• Re: (Score:3, Insightful)

      Don't you think it's interesting that for four years, the US and UK military forces in the Iraq sustained a pretty stready rate of casualties whilst the country slowly unraveled around them and a de-facto civil war / ethnic cleansing / religious genocide killed thousands of people, despite all the UAVs, ECM to jam EIDs, superstrong ballistic armour on people and vehicles, digital data and comms that have all contributed to the > $1T cost. Then in the last year or so things have quietened down considerabl
      • Re:One of eight (Score:4, Insightful)

        by samkass ( 174571 ) on Saturday March 15, 2008 @08:05AM (#22758848) Homepage Journal
        Winning the hearts and minds is completely orthogonal to the technology. Technology won't rescue you from awful strategies or misguided goals. But it still helps save lives, and I'm sure there are a lot of soldiers out there who are glad to be alive and owe it to some of the technology that's come out of DARPA.
      • The Iraqi death toll is 1,189,173. [justforeignpolicy.org] The US death toll is around 4,000 (with another 30,000 wounded). [antiwar.com] That's 297 to 1. Which speaks highly of "all the UAVs, ECM to jam EIDs, superstrong ballistic armour on people and vehicles, digital data and comms that have all contributed to the > $1T cost." I'm no fan of the war, or the cost of the war in humans and dollars, but I would gladly have the increased debt than have the 30k wounded be 30k dead. Better still if they had all stayed home, or in Afghanistan. (US
  • In Soviet Russia, bird watches YOU.
  • I like the chip-scale atomic clock. In fact, with clock speeds of processors going sky-high nowadays, it would be extremely cool if our computer processors gained an atomic clock. Such a clock would come in very handy to synchronize the events going on within a processor chip containing, say, 1000 cores. I envision the number of cores in processors to increase to many thousands within the next decade, and clock speeds increasing to the terahertz. All of this technology will require an atomic clock to keep p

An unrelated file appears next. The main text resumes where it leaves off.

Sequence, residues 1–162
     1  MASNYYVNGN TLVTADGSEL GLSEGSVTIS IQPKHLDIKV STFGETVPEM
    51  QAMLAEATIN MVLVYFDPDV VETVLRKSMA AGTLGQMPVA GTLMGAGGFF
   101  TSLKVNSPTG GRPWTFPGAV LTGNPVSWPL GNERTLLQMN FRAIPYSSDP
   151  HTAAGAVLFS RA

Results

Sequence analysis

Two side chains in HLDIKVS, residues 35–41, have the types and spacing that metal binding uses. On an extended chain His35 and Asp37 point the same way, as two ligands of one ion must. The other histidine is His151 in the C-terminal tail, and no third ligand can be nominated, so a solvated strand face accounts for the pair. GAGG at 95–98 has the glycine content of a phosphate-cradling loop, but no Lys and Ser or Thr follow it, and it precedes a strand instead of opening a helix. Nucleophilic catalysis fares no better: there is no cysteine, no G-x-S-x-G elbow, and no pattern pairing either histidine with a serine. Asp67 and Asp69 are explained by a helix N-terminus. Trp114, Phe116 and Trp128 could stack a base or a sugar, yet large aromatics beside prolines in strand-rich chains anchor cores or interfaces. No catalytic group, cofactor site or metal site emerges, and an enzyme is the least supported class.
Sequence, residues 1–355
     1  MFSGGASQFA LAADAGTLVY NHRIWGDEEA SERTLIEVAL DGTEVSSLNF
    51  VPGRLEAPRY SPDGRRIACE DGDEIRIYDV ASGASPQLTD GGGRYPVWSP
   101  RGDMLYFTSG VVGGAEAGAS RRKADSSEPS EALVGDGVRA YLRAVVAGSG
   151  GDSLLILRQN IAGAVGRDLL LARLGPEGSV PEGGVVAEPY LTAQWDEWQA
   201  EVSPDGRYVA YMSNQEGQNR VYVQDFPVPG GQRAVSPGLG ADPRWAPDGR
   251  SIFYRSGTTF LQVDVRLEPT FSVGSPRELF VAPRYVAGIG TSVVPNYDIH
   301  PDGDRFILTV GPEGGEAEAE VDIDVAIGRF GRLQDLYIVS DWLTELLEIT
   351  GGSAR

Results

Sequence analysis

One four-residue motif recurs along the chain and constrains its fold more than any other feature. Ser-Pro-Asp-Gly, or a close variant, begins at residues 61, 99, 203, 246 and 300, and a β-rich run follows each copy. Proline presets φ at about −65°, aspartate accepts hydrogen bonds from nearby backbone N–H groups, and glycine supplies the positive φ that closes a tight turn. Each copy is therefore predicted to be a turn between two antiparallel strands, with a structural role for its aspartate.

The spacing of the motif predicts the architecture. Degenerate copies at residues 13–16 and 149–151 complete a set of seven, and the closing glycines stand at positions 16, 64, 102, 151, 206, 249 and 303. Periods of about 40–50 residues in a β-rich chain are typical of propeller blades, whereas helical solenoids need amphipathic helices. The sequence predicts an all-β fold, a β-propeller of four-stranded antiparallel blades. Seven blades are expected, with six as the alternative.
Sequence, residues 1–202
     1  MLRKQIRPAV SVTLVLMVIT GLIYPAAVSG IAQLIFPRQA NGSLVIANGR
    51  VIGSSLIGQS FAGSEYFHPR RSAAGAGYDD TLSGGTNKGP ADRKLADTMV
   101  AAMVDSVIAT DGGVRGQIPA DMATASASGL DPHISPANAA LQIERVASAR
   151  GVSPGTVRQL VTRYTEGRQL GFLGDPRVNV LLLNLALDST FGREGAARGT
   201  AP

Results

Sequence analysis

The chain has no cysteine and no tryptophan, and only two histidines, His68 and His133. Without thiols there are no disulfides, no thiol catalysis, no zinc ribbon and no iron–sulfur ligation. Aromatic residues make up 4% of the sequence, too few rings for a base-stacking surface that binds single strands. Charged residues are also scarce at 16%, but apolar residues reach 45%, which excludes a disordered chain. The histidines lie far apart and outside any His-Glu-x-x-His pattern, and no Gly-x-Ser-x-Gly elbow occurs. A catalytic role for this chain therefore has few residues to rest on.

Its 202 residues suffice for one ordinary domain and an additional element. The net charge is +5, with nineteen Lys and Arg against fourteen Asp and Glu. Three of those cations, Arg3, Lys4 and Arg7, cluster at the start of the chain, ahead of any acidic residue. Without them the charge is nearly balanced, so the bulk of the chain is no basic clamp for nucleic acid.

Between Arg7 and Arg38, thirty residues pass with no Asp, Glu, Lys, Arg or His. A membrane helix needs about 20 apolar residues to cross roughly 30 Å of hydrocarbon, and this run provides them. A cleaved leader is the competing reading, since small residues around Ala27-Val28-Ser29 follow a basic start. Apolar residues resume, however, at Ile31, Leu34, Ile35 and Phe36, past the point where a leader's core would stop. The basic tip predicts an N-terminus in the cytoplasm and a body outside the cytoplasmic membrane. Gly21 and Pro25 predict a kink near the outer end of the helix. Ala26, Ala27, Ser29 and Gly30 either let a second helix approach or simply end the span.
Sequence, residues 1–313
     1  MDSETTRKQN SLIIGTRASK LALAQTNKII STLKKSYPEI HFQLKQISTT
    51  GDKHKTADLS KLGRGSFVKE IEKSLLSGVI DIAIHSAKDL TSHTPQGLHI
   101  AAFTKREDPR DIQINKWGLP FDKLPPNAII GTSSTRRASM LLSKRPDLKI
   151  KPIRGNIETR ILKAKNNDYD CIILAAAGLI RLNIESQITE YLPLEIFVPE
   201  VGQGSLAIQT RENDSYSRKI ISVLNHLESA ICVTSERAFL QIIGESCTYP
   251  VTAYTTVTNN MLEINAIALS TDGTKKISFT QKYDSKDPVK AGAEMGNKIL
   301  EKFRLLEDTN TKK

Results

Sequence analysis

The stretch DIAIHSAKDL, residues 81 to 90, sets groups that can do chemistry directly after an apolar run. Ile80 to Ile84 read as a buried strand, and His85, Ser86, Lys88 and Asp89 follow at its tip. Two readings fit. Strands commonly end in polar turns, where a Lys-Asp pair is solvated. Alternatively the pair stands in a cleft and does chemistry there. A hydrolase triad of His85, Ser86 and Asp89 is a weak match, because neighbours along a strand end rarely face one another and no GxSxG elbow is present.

• Re: (Score:3, Insightful)

      by gardyloo ( 512791 )

      All of this technology will require an atomic clock to keep proper time.
      Erm... why?
      • Re: (Score:3, Insightful)

        by vertinox ( 846076 )
        Erm... why?

        First thing that comes to mind is unbreakable encryption with a one-time pad [wikipedia.org].

        If your devices were never off even by one second, then you could always know what time the other device is set to at all times.

        Example... You're in the field and you need to use your laptop to communicate to another officers laptop while still possibly being eavesdropped by the enemy. Each laptop contains the same one time pad for a particular situation that expires after a certain amount of time (FFS you shouldn't be h
        • Yes, that's interesting and insightful.

          But so far as I know, the grandparent post wasn't talking about laptops separated by any distance, it was talking about multi-core processors. Having an atomic clock on board (afaik) won't make anything more accurate or improve communications. Any sufficiently fast master clock, no matter how it drifts relative to the rest of the world, or how unstable (within some broadly defined limits) it is compared to itself, say, one day ago, will work to coordinate the c